William Wordsworth

Ernest De Selincourt and Chester L. Shaver (eds), The Letters of William and Dorothy Wordsworth, Vol. 1: The Early Years: 1787–1805 (Second Revised Edition)

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  • Address: Josiah Wedgwood Esqr | Stoke | [near] Cobham | Surrey England
  • Readdressed: Etruria | Staffordshire
  • Postmark: (1) [?] February 1799; (2) Foreign Office, 7 March 1799.
  • MS. Wedgwood Mus. Hitherto unpublished.

Goslar February 5th 1799

Dear Sir,

I have received, as you probably have been already informed, the value of forty pound sterling from Mr Krause2 of Brunswick. pg 249I do not think I shall have occasion to give you any more trouble of this kind. I have written to request of my Brother to pay into your hands all the money which he has received belonging to me. I fear I have overdrawn my ability at least fifteen pounds; if so I must remain your debtor till the end of the summer. Knowing as I do your goodness I should not have taken this liberty had I not been going into Upper Saxony, where I should have had no further means of supplying myself, and though it is probable that we are going to make rather a tour than a residence yet I was unwilling to be driven into port by sheer lack of provisions.

We have had a pleasant residence at Goslar where we have been for eighteen weeks. Our progress in the language has been very, very far short of what it would have been, had we been richer. The practice of taking people en pension is a thing almost unknown in Germany, and consequently, a price is demanded far above our calculations and our means; on this account that time which I expected would have been the most profitable has with respect to attaining the language been utterly useless, as we have been compelled to be together alone at meal-times &c, &c. Goslar is a venerable, (venerable I mean as to its external appearance) decayed city. It is situated at the foot of some small mountains, on the edge of the Harts forest. It was once the residence of Emperors, and it is now the residence of Grocers and Linen-drapers who are, I say it with a feeling of sorrow, a wretched race; the flesh, blood, and bone of their minds being nothing but knavery and low falshood. We have met with one dear and kind creature, but he is so miserably deaf that we could only play with him games of cross-purposes, and he likewise labours under a common German infirmity, the loss of teeth, so that with bad German, bad English, bad French, bad hearing, and bad utterance you will imagine we have had very pretty dialogues but the creature is all kindness and benevolence, and I shall never forget him. On Sunday Morning we set off to Nordhausen. Our present plan is to return to Hamburgh when the mild weather comes on, whence we shall shortly set sail for England unless we meet with some opportunity of learning the language more favorable than we have reason to expect. I mean by learning the language not merely the knowing that "Liebe" is German for "love", and "darum" for "therefore" &c but the having your mind in such a state that the several German idioms and phrases without any act of thought or consideration shall immediately excite feelings analogous to those which are excited in the breasts of the natives. Unless our minds are in this state, what we call knowledge pg 250of languages is a wretched self-delusion; words are a mere dead letter in the mind. I have received two very kind letters from Mr Krause with most obliging offers of civility. I hope to have the pleasure of making my personal acknowledgements to him on my return to Hamburgh. I remain, with sentiments of great respect and esteem,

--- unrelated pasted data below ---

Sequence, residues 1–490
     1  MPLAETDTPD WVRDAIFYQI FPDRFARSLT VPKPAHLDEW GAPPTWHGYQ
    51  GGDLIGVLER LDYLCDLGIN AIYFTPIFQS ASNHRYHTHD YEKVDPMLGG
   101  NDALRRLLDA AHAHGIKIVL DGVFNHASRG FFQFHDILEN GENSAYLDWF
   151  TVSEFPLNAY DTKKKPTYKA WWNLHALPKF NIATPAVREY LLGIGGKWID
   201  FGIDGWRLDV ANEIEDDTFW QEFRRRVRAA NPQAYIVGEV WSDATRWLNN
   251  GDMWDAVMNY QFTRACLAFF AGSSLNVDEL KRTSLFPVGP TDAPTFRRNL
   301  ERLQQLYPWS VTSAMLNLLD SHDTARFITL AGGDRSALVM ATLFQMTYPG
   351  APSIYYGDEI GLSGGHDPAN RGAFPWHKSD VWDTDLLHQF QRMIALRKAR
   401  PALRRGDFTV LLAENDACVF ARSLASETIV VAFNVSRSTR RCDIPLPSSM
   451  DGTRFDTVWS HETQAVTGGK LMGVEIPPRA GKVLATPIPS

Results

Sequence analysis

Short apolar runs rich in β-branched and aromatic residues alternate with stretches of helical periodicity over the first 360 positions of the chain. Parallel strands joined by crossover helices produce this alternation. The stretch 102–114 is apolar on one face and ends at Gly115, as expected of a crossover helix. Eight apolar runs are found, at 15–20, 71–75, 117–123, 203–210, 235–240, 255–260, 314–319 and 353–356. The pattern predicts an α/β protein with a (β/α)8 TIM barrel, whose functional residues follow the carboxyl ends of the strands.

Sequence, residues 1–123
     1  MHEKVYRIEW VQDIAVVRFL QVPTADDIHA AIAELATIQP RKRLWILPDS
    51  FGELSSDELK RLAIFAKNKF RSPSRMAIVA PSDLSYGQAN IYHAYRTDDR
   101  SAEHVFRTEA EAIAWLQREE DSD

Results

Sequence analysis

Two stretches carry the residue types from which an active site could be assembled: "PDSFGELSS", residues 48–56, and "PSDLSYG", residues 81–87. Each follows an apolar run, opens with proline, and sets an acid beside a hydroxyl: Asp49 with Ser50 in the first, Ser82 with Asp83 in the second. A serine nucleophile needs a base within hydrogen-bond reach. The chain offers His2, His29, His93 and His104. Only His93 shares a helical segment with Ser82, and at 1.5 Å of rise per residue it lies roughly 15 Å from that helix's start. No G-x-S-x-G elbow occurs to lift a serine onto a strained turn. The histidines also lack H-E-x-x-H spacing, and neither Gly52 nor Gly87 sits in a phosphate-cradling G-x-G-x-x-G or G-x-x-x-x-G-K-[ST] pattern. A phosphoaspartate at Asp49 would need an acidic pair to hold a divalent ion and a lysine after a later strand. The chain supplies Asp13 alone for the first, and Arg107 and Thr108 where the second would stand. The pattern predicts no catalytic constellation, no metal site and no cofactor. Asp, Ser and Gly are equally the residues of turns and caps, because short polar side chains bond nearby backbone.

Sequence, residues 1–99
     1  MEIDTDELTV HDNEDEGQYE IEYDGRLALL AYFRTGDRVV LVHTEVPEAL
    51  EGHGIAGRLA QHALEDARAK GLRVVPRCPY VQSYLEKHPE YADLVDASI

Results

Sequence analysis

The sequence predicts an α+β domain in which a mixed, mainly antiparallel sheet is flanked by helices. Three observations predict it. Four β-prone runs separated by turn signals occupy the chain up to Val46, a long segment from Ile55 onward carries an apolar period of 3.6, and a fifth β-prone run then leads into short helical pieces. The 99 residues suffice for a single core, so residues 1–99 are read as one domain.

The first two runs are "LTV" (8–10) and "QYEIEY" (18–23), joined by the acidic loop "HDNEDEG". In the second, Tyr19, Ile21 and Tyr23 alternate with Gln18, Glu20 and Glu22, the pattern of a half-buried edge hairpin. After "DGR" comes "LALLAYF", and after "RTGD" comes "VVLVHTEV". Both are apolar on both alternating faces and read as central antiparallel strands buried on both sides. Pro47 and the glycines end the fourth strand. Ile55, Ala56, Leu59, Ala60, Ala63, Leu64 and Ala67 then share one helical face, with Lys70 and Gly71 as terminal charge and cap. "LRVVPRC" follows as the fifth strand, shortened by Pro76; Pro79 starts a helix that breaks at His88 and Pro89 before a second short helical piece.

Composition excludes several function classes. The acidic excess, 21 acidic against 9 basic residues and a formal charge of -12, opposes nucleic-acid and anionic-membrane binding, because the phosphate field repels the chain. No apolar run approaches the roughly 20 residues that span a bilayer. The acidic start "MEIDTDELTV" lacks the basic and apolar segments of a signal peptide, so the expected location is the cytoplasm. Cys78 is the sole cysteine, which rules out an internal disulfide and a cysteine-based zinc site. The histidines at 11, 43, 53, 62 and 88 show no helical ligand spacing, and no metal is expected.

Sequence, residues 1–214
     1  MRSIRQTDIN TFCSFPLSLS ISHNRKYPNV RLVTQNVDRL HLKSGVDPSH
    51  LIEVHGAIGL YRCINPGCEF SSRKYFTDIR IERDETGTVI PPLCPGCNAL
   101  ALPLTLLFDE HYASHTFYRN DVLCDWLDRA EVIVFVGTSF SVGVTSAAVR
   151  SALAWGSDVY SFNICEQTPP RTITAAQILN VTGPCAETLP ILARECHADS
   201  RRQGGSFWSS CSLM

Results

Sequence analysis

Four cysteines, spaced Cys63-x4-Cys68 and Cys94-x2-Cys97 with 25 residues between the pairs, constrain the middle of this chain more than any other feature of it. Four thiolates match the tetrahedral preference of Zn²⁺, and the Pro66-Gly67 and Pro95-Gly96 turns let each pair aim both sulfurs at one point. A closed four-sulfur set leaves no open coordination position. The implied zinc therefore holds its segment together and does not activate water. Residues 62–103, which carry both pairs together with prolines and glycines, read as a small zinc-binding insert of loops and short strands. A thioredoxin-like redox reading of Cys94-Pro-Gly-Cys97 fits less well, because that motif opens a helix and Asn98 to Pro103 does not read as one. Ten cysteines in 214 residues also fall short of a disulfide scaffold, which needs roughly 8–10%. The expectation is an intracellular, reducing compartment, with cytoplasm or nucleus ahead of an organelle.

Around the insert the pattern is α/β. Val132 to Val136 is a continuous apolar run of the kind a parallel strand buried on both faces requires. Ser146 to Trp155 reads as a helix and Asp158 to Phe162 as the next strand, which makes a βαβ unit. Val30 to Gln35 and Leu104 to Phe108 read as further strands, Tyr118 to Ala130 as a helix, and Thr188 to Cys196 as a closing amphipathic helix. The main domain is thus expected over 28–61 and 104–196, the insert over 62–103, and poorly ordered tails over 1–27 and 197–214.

• Yours affectionately   
  • Wm Wordsworth  

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Editor’s Note
2 A business associate of Philip and Otto von Axen.
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